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I'm writing a console application that goes through an algorithm with N number of steps. It is important that step N is correctly done before step N+1 is executed. Otherwise the program should stop working with an error message.

I can do this with nested if statements of course and use try-catch-finally (using a continue flag in finally to decided if the program should process). But I am looking for a better structured design pattern or approach to do this. Any recommendations?

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Can you provide more information about your algorithm? This seems like it can be done using a While loop. –  Bas Oct 31 '13 at 14:28
is recursion possible? –  Jonesopolis Oct 31 '13 at 14:29
You could look at a state machine approach? –  Belogix Oct 31 '13 at 14:32
We need more detail. As it stands any imperative programming language where you describe control flow is a solution. –  P.Brian.Mackey Oct 31 '13 at 14:40
I'm trying to understand how the description of your problem differs from every computer program. Every program I write executes a series of steps where the correctness of the next step depends on the success of the previous step. –  Eric Lippert Oct 31 '13 at 14:48

5 Answers 5

up vote 2 down vote accepted

I have once created an process that was controlling an automation and I used an enumeration with all the steps

enum AutomationStep{Requested, Started, Waiting, Processing, Terminating};

Later I created a switch/case to process every step differently

switch (currentStep)
  case AutomationStep.Requested : InitializeProcess(); currentstep = AutomationStep.Started; break;
  case AutomationStep.Started : StartTheEngines(); currentstep = AutomationStep.Waiting; break;
  case AutomationStep.Waiting : //etc

You may later use a While to run every step

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I adopted your solution for my program and it's working out so far. SO thank you. –  Pedram Nov 28 '13 at 10:08
Glad I helped!_ –  Menelaos Vergis Nov 28 '13 at 10:44

The Pipeline design pattern is precisely about this: carrying out a complex process in a strict sequence of steps. Google "pipeline design pattern" and you'll find plenty of resources.

This is a programming-oriented introductory article on MSDN, and this is a more theoretical post.

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Chain of responsibility


or State pattern


may be the solutions of your problem.

For chain of responsibility pattern, when you detect error, you just need set the "error message (handling)" process as the next process in the chain.

For state pattern, you need to change the state to "Error" when encountering error, and handle all the errors in the error state.

Hopefully, that helps.

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One pattern I like is to update the object's state as it progresses from one step to the next, to indicate where it is in the process.

Rather than process one object from beginning to end, I have each step of the algorithm select all of the objects at a given state, process them, and update their state to be ready for the next step.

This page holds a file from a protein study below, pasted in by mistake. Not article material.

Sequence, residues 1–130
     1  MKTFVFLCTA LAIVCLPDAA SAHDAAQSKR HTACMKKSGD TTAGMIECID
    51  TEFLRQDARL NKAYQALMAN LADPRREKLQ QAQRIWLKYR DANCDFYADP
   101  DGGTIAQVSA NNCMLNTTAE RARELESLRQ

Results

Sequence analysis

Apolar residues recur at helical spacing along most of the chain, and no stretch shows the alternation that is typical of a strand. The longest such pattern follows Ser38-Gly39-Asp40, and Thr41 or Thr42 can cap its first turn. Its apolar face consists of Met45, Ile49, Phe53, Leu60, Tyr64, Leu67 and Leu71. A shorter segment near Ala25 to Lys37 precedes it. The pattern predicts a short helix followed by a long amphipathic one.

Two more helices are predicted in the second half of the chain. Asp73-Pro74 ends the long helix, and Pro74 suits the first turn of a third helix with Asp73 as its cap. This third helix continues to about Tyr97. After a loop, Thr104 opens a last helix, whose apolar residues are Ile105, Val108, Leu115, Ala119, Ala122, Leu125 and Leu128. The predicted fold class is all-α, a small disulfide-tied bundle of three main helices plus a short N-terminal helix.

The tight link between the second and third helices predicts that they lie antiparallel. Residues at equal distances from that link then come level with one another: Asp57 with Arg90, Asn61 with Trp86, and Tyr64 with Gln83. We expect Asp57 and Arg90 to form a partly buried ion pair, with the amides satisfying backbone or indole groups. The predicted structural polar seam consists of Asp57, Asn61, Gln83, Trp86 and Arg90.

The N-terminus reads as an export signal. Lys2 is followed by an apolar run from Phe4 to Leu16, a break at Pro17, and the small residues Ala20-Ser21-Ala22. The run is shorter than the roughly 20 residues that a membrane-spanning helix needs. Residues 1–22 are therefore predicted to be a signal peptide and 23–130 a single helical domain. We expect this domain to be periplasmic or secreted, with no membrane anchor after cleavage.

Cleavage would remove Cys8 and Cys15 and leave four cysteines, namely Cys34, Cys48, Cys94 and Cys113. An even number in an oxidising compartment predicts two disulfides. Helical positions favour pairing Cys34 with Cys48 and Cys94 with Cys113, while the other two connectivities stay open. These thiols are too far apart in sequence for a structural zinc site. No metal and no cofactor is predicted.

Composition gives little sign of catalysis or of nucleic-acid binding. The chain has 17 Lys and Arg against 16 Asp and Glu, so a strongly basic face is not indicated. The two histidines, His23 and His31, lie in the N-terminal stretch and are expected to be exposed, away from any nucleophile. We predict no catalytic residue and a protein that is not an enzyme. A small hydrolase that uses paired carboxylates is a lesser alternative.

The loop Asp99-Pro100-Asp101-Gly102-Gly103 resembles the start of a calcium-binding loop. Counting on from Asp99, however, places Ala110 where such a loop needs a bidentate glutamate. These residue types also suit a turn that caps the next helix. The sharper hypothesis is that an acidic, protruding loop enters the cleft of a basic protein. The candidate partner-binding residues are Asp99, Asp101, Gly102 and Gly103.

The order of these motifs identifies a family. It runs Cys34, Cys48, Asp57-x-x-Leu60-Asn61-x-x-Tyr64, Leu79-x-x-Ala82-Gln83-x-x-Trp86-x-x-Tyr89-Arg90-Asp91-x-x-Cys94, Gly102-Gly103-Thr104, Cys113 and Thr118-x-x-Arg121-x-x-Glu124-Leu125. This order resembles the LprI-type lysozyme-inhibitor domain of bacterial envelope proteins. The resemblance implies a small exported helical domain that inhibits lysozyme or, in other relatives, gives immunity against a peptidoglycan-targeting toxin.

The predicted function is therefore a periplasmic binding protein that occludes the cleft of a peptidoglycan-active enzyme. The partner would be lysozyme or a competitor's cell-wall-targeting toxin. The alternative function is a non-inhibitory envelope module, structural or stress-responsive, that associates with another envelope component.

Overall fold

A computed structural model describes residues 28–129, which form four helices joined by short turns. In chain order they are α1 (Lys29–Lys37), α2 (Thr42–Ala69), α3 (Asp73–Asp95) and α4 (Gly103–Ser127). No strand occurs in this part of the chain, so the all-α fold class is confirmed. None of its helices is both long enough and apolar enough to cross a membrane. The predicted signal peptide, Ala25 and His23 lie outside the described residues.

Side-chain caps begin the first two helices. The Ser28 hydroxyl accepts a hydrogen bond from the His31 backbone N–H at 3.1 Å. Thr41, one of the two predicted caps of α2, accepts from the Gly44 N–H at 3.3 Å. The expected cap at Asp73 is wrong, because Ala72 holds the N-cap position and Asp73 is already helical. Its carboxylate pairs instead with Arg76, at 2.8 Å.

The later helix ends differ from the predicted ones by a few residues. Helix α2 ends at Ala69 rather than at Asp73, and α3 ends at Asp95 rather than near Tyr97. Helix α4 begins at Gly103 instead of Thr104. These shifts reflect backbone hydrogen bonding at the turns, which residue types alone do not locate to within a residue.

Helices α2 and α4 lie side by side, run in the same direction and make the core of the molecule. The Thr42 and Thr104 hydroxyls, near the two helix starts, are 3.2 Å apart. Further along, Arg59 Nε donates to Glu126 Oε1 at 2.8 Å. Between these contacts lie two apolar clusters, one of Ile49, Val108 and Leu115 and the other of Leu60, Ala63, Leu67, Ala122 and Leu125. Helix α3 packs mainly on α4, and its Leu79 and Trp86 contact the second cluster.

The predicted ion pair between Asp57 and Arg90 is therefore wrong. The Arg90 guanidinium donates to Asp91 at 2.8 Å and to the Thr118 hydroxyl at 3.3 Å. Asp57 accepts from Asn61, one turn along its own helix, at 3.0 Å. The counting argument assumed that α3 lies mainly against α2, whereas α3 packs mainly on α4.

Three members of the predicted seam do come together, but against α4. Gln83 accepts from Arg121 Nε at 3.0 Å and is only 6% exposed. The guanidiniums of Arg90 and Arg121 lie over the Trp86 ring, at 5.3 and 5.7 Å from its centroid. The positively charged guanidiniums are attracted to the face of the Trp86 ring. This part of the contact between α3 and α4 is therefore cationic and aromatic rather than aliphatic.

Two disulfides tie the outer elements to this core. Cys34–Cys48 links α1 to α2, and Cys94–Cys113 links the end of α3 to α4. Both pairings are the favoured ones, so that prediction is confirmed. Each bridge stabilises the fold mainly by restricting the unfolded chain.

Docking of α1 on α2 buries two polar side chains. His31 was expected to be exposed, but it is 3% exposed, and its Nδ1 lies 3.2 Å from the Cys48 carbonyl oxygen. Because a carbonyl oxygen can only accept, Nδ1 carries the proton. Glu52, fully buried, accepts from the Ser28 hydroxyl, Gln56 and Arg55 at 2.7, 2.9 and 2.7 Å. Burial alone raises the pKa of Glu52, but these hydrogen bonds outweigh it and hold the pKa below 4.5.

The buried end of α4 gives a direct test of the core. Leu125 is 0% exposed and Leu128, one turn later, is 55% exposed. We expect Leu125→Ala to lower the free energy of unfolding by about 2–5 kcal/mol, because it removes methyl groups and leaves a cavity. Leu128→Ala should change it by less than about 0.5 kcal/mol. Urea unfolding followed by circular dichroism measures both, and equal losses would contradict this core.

I make each step of the process a transaction, so that an object has either fully progressed to the next step, or is rolled back to its prior state and is ready to go through this step again.

That way, if your program is interrupted in the middle, you can just start it back up, and all objects can pick up right where they left off in the process.

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Use recursion and return or stop when you hit an incorrect step

public void Process(int n)
 if( n % 23 != 0 )return;

Where n is going to be your working data set or current set item. It is up to you to determine a data structure to use for that. Also, the modulus check for 23 is to show when to break from the recursive checks.

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But its the algorithm that is in steps... i.e. Step 1: Determine if parameters are even. Step 2: Multiply the parameters by 3. Step 3: Add parameters... So the recursion doesn't work here, because it's the steps that change. –  Niko Drašković Oct 31 '13 at 14:42
@NikoDrašković - One way would be to store the steps in actions and then use an int action dictionary. That would be the "data structure" aspect. –  Travis J Oct 31 '13 at 14:51
If you had an action collection, you'd just do a foreach. Recursion makes no sense. The recursion you've written is essentially a for(int n = 0; n < 23; n++) { .. } with completely unnecessary overhead. –  Niko Drašković Oct 31 '13 at 14:57
@Niko - A foreach or a simple for loop will not be able to send information to the next step aside from an iterator. The int is just an example. Sorry you cannot visualize passing anything aside from an int. –  Travis J Oct 31 '13 at 15:03
I can, but if you're always passing on a same kind of a data structure, you could have just stored it in between steps in the iteration. –  Niko Drašković Oct 31 '13 at 15:13

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